One model of abundances that is often used is the log-normal distribution (Preston 1948). This is despite well-documented problems in fitting it to data (e.g. Hughes 1986). A better alternative is the Poisson log-normal distribution, which preserves the underlying concept (that species’ abundances are log-normally distributed), but places a model of the sampling from these distributions on top of this (Cassie 1962). An alternative distribution can be obtained by assuming that the abundances follow a gamma distribution. When random sampling is then assumed, the distribution of the numbers of species captured can be shown to follow a negative binomial distribution (Fisher, Corbet & Williams 1943; White & Bennetts 1996). Despite their statistical appeal, and their use in modelling diversity (e.g. Kempton & Taylor 1974), the use of these distributions in estimating species richness has been rare (for an exception see Peterson & Meier 2003).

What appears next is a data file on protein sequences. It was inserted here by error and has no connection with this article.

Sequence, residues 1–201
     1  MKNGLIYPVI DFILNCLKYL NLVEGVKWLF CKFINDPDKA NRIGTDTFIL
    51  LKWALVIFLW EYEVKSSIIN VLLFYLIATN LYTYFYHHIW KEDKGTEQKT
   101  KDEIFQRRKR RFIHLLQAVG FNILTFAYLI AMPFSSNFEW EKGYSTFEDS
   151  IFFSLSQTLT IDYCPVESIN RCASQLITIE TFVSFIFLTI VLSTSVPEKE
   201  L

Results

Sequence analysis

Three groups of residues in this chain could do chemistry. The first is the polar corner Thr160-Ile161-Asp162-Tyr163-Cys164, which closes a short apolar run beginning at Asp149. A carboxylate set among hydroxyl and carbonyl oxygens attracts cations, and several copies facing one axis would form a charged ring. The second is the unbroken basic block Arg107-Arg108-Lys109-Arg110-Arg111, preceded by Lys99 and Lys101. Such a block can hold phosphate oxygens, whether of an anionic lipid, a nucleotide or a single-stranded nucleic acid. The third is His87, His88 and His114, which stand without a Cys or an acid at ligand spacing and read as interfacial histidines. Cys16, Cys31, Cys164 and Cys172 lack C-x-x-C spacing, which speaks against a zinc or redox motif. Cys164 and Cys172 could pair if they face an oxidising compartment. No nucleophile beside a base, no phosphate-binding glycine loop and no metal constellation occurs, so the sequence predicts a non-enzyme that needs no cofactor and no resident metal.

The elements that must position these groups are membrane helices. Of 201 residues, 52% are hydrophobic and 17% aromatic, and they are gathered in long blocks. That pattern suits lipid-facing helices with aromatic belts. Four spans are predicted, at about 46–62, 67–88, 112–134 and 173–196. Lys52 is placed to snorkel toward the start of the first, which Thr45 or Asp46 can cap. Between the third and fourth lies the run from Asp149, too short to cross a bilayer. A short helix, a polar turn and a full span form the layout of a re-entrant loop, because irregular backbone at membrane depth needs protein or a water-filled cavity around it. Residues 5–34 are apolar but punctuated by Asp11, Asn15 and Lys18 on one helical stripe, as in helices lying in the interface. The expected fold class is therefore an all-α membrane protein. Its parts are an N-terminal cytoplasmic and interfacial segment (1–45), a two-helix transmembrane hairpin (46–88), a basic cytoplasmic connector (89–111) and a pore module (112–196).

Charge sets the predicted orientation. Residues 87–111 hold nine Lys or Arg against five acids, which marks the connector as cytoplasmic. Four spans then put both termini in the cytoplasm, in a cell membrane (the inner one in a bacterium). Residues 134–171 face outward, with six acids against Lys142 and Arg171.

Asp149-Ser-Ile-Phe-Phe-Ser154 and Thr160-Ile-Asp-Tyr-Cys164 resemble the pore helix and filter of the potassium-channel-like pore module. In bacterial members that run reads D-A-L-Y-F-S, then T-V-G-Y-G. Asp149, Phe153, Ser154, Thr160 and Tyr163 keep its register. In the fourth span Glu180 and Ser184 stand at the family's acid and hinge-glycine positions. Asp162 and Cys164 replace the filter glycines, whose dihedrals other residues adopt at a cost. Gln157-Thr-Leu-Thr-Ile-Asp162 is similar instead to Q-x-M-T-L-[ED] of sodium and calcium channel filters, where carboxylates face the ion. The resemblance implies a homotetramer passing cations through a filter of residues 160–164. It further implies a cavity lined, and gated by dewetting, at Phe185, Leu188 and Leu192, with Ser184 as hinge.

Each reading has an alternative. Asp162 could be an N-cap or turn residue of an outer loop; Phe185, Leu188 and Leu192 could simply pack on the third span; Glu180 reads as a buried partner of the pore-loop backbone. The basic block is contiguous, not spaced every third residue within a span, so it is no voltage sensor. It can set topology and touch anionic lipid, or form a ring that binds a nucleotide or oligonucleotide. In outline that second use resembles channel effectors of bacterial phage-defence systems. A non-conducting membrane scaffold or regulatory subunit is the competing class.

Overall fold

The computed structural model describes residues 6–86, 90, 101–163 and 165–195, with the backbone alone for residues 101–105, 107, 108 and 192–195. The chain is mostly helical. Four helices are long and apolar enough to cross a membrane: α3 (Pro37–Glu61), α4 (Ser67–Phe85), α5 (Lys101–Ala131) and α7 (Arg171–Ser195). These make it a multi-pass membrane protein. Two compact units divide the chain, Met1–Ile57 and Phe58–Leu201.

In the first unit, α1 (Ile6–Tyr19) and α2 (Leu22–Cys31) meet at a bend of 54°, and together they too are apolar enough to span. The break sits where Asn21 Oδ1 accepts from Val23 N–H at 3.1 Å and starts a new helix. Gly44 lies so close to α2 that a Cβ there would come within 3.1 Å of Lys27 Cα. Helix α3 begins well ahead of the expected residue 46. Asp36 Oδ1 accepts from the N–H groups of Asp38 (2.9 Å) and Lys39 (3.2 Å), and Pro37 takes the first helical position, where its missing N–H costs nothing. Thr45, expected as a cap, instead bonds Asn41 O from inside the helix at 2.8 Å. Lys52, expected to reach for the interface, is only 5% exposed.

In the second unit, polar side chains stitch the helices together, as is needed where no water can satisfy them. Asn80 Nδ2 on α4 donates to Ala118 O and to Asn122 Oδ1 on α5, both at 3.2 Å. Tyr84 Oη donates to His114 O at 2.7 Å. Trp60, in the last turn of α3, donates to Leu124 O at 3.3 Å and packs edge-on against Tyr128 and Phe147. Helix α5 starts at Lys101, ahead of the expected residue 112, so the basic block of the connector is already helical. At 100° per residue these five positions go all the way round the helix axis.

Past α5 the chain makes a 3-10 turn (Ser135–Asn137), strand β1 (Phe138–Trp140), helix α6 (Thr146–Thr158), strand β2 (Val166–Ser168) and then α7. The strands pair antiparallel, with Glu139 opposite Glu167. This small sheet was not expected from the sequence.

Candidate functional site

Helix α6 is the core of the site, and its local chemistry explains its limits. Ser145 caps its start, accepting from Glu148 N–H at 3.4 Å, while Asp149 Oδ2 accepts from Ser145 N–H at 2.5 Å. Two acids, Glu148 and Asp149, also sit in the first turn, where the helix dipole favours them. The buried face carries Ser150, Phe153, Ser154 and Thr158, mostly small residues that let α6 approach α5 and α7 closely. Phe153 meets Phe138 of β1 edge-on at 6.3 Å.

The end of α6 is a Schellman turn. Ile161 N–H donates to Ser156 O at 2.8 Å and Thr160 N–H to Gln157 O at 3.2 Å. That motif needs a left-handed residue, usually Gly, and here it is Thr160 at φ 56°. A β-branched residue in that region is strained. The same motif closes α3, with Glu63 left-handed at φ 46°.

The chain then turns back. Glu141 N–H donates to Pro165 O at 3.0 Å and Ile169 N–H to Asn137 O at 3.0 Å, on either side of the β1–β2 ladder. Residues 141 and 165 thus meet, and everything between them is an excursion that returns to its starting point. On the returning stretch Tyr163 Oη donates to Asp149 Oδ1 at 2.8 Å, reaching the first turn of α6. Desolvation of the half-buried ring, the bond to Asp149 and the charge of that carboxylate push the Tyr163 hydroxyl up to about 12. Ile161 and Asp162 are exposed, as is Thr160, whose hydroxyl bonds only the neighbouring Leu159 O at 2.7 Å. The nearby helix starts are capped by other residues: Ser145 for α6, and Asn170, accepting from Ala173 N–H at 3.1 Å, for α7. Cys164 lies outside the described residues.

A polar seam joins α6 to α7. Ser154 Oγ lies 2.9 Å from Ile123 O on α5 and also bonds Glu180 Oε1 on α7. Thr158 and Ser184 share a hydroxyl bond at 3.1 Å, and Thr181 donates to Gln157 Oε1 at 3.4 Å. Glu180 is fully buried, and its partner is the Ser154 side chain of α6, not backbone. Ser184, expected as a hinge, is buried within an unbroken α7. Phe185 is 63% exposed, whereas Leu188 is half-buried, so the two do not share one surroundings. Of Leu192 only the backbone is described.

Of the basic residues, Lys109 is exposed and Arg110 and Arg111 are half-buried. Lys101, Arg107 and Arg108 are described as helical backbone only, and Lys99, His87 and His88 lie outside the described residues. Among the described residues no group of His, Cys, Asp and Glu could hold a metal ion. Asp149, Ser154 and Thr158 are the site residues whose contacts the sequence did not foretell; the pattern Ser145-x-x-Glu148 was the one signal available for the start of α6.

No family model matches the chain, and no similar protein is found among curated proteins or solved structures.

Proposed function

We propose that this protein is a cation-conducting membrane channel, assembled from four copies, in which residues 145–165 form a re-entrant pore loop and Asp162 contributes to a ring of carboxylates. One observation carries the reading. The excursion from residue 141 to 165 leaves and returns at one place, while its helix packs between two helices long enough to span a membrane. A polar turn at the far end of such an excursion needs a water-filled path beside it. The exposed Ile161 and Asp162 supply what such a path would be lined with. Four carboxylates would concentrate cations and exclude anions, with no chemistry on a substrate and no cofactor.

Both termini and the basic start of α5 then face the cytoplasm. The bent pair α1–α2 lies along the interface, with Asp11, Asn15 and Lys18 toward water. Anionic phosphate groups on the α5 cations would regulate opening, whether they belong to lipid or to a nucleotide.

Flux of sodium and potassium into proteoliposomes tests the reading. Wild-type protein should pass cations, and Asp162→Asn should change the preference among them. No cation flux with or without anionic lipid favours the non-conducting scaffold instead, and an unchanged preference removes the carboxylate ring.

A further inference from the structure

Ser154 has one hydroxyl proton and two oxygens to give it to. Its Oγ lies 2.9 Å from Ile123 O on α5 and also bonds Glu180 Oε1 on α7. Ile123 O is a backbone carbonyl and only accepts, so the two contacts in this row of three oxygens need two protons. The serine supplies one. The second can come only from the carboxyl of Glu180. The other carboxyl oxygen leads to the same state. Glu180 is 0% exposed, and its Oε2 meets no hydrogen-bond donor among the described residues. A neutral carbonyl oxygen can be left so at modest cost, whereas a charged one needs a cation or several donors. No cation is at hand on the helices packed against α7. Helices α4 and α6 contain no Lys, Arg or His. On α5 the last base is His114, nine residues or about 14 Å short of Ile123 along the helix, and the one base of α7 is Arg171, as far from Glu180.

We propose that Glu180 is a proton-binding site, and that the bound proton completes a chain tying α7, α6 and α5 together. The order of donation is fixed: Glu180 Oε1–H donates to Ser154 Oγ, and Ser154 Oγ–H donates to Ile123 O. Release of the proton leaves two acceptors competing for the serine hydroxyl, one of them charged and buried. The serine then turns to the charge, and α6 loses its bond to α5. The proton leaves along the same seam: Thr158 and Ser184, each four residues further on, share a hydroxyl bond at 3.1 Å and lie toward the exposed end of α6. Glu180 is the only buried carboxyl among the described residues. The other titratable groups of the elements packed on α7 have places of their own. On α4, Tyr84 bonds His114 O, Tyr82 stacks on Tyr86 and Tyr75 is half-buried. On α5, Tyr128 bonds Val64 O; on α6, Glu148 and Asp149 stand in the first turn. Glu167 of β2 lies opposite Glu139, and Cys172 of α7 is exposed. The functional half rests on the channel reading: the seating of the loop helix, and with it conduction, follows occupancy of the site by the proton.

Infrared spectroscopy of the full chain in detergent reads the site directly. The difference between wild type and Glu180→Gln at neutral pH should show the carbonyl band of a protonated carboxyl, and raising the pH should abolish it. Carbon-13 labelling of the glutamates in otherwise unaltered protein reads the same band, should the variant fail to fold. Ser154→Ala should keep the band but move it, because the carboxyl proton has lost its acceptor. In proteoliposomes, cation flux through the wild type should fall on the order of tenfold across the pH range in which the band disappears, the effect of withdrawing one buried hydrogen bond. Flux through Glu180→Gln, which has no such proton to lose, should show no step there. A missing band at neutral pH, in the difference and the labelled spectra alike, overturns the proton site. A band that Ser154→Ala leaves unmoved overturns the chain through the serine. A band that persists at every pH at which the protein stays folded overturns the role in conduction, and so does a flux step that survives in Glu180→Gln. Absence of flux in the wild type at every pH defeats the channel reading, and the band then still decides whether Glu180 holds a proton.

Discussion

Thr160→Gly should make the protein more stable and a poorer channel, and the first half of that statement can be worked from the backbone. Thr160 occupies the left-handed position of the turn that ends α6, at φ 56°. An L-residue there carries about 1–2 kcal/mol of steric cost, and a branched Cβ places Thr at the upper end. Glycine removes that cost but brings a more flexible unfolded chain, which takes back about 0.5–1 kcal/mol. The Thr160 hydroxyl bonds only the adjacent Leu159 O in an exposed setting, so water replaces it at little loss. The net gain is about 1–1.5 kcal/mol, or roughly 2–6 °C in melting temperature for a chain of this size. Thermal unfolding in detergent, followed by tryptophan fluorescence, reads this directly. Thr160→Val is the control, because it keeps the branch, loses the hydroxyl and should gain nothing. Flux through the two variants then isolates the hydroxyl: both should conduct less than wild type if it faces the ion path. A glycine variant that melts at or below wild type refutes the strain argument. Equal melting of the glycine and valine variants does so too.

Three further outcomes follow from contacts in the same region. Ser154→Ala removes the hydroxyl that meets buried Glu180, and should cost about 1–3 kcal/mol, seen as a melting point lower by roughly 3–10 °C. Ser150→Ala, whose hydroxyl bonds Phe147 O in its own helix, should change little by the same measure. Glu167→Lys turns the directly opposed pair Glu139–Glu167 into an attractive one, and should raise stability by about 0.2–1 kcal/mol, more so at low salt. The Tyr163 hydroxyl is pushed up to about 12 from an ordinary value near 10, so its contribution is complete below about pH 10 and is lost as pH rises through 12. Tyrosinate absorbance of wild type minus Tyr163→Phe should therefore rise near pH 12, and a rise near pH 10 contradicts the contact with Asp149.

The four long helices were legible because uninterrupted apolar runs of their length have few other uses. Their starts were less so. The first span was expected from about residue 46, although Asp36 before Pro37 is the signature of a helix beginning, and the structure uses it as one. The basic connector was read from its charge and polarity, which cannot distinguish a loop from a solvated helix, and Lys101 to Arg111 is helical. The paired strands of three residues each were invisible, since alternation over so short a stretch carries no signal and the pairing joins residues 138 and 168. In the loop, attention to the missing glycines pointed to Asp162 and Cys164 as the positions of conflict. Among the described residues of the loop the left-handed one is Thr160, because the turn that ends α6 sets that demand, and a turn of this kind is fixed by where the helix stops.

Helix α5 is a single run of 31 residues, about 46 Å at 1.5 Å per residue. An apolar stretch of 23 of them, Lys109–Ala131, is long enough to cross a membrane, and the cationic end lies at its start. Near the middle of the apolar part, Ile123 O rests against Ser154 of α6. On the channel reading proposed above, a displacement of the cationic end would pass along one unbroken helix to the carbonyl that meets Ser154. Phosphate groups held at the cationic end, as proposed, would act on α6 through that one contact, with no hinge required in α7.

Non-parametric estimates of species richness have also been developed and used. These do not make any explicit distributional assumptions about the species abundances, but instead use approximations based on statistics calculated from the data. Of the two methods commonly used, the first (historically speaking) is only a lower bound of the number of species (Chao 1984, 1987). The second (Chao & Lee 1992; Chao, Ma & Yang 1993) is a genuine estimate, which uses the estimate for the case where all species are equally abundant, and corrects this with a term based on the coefficient of variation, i.e. on the first two moments of the abundance distribution (Bunge & FitzPatrick 1993).